The first parameter (P8OS.ASM) is the name of the source file to assemble, and the second parameter (P8OSLst.txt) is the name of the assembly output list file.

The assembler does not generate a binary file. Probably could be added easily enough, but I don't know the specs for that. I only needed the assembler to verify that my transcription matches the listings. I don't have a PDP8 to test it on.

(The assembler was compiled with JDK 1.8, requires JRE 1.6 or later, and could be compiled with 1.6 probably)

The child folders of the P8OS folder are

The main assembler file is P8OS.ASM, which uses INCLUDE commands to include the component files in the order shown in the listings.



Good starting point

pal-8 cross assembler download

pal-8 cross assembler reference manual


PDP-8 Document Information



I have not found the first several pages of the listing, consequently there is nothing of page zero, and the beginning of the interrupt chain is missing. However, I was able to use the symbol list at the end of the listing to reconstruct much of it. I did not add code for the start-up, but maybe it was loaded via paper tape? I don't remember. I did find some code on one of the sites that suggested what it would be, so I added that, but it probably is not what we had originally.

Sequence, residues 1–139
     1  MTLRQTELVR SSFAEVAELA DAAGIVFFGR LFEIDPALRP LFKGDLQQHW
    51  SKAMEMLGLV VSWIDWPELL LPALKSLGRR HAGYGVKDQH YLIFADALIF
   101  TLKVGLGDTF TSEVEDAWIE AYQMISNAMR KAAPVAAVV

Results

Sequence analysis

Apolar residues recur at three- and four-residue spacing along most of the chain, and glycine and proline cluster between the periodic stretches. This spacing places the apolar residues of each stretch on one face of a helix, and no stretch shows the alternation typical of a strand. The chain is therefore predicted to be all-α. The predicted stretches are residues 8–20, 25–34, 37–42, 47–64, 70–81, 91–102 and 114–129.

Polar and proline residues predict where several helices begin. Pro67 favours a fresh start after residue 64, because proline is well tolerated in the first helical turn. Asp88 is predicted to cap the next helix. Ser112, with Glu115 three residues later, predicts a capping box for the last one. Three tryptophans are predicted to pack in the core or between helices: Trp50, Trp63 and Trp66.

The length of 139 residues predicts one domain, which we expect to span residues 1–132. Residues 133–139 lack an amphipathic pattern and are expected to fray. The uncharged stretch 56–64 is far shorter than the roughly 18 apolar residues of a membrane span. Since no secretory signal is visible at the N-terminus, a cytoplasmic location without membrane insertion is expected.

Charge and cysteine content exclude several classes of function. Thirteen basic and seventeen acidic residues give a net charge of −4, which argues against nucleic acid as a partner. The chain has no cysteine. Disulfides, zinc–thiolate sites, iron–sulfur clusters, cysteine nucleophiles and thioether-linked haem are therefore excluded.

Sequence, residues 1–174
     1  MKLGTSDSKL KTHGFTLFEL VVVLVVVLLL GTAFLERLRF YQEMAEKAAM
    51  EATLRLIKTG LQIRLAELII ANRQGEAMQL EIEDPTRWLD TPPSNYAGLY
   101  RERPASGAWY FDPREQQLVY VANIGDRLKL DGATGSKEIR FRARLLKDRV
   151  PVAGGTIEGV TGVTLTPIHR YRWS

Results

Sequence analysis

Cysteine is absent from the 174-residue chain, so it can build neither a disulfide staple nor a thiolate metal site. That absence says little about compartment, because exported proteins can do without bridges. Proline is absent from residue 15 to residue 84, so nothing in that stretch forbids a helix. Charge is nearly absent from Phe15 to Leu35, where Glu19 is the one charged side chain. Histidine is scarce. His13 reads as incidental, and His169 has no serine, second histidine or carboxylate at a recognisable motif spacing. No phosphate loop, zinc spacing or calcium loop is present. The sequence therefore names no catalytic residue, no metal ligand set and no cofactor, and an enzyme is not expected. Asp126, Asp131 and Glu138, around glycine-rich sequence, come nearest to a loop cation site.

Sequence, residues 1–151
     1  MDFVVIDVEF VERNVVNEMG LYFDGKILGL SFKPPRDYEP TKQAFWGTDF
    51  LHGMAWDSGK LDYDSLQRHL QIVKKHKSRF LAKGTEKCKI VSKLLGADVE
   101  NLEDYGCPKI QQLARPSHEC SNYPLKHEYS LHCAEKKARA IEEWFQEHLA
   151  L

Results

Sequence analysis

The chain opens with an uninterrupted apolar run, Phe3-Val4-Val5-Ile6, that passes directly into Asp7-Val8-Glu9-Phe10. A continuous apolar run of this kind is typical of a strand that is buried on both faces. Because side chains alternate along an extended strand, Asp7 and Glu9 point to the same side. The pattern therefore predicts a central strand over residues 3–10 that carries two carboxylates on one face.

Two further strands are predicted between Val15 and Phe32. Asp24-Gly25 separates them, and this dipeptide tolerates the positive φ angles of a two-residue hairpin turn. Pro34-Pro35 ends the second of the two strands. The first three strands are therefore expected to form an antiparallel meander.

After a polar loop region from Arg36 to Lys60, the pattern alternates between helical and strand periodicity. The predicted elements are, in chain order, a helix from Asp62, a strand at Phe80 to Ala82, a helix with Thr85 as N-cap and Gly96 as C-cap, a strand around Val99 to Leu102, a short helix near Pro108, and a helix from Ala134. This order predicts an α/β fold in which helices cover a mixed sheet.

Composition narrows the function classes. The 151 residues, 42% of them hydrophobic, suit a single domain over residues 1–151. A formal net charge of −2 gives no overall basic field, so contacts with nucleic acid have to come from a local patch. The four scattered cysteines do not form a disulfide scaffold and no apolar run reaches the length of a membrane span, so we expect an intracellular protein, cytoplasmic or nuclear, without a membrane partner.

Also, the first four entries of the interrupt chain at 0200 were missing from the list. I guessed that the disk interrupt check would have been the first on the list, and I think I got that code right. But other peripherals are not accounted for. No mag tape, for example. The interrupt test code is maybe gleanable from DEC's original docs for those peripherals, and some of that is reproduced in the PDF manuals in the Documents folder.

We do not have listings of any of the transients, but I believe they did things like set up and take down control blocks for threads and files. There was probably a transient for setting up CRTs with data-entry templates. CRTs were simple 80x24 addressable-cursor ASCII terminals connected to the computer via RS232.

Templates would be roughly analogous to HTML forms that are used on the web, but would have been managed on the computer rather than in the CRT. Would mean that the applications could simply identify a template on the disk, and a CRT to the OS, and would get back the data that the user entered using the template. I would think the OS managed the user's cursor so that the user could not overtype the field labels.

We also have no listings of any of the several applications Mike and I wrote for P8OS, but there is probably enough information in the manuals in the Documents folder to figure out how to use the OS. The assembler that I wrote to validate my typing skills does not have a macro ability, but that would be pretty easy to add.

pal.c, pdpnasm.zip, and SMAL32.c are other assemblers I found on the internet at the links I listed above. I made no effort to make my assembler compatible with them.

2016.5.7 Paul Medlock and Mike Kuhn